Phil Whipple, Bishop
During June, Sandy and I visited the United Brethren churches in Texas and New Mexico. We traveled with Denis Casco, Bishop of Mexico Conference. It was through Denis that these churches landed in our fellowship.
You may be surprised to know that we have churches in those states, but we do—four churches in El Paso, Texas, and one in Santa Fe, New Mexico. All are Hispanic churches.
These churches became part of us during the 1990s. At the time, Denis served as Director of Latin American Ministries, working to start Hispanic churches in the United States. Denis, who is excellent at networking, came in contact with these churches and they chose to affiliate with us.
El Paso is on the tip of the far western arm of Texas. Across the Rio Grande River is Juarez, Mexico, which ranks among the most violent cities in the world. We have several churches in Juarez, but they are part of Mexico Conference.
We arrived on a Wednesday and attended a service at the El Sembrador church in El Paso. The pastor there is Robert Espinoza. Among the UB churches in El Paso, he would be considered the leader.
El Sembrador has its own building, which probably seats around 100. It was a pretty full house that night. One of Robert’s daughters led the worship band, and she was excellent. They had guitars, drums, and several vocalists, all fairly young.
They had invited all of the other pastors in both El Paso and Juarez—8 or 9 pastors in all. Robert introduced the various pastors, all of whom came forward to give a testimony. It was a long service, but fun and enjoyable.
Robert has two other children involved in the church. A daughter and her husband will probably be the next pastoral couple among the El Paso churches.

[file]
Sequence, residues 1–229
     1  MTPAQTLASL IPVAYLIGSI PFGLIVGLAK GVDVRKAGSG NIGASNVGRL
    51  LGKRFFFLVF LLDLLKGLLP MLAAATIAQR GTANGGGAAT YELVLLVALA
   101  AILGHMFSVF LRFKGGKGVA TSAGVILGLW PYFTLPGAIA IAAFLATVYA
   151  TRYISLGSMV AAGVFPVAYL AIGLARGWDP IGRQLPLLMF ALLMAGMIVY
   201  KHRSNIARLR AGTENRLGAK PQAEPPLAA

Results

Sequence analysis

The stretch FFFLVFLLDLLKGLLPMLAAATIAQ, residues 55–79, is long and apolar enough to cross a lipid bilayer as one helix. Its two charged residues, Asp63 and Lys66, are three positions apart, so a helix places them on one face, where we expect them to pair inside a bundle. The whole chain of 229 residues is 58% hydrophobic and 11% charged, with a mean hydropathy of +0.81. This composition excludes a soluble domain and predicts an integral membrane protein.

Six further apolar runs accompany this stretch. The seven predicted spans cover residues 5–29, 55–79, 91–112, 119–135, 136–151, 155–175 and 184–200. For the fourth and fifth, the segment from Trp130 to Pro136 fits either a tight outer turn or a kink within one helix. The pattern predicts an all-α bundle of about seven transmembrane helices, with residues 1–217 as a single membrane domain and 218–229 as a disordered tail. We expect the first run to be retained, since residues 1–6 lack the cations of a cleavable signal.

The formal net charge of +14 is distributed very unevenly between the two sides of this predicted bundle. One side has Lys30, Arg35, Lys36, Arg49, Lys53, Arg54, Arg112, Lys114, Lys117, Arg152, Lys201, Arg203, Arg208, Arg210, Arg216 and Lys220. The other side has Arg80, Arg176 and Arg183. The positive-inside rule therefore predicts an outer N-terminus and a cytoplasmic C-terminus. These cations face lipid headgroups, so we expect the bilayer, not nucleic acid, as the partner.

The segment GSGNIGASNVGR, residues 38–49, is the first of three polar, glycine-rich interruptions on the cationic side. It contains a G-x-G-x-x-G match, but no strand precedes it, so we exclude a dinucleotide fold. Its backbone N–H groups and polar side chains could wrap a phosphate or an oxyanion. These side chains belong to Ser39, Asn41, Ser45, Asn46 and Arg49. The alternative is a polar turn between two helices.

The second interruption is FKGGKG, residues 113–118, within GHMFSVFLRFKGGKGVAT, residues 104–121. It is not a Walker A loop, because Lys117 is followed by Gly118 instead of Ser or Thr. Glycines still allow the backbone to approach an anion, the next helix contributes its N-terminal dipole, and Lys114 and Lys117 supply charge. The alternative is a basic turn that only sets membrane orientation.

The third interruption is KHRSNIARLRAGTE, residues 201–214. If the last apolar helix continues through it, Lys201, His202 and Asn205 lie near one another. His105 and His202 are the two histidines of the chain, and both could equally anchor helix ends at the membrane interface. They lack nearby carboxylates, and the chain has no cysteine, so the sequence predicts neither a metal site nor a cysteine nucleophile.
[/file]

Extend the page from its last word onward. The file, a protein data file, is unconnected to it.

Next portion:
The next day we crossed into Mexico, along with a lay couple, and toured the UB churches in Juarez. The first church we visited had a woman pastor, whom I had met the night before; she joined us. Robert Espinoza and his wife, Maria, were also there. They traveled with us, in their own vehicle, the rest of the day.
We visited five churches and a preaching point, all United Brethren churches spread out in different parts of Juarez. The church with the newest building is probably a quarter mile from the Rio Grande; you can see El Paso on the other side. That church had started in a small building, no larger than a garage. Now that building is used for storage, and they meet in a newer building, probably 2-3 years old. It’s a wood-frame building, similar to a machine shed with wood siding (most buildings in Mexico use cement blocks). They’re still finishing the inside.
This congregation does a lot of ministry in feeding the many homeless people in that area. Helping these folks gives them a certain sense of protection; they won’t let anything happen to this church, because they get food from there. It’s not the safest location, but the UB members feel safe and have been safe.
We kept picking up the pastors as we went. By the time we reached the final church, our numbers had swelled to at least 20 persons. This was intentional on Denis Casco’s part. Knowing that Juarez was a dangerous city, he thought there would be security in numbers. I wasn’t alarmed by anything I saw in Juarez. However, we visited during the daytime and then returned to El Paso before dark.
Back in El Paso
I spoke at a UB church in El Paso that night. This congregation, much smaller than the night before, met in a strip mall storefront; they had relocated since Bishop Casco’s last visit. There were probably 25-30 people; I doubt the building could have handled more than 40.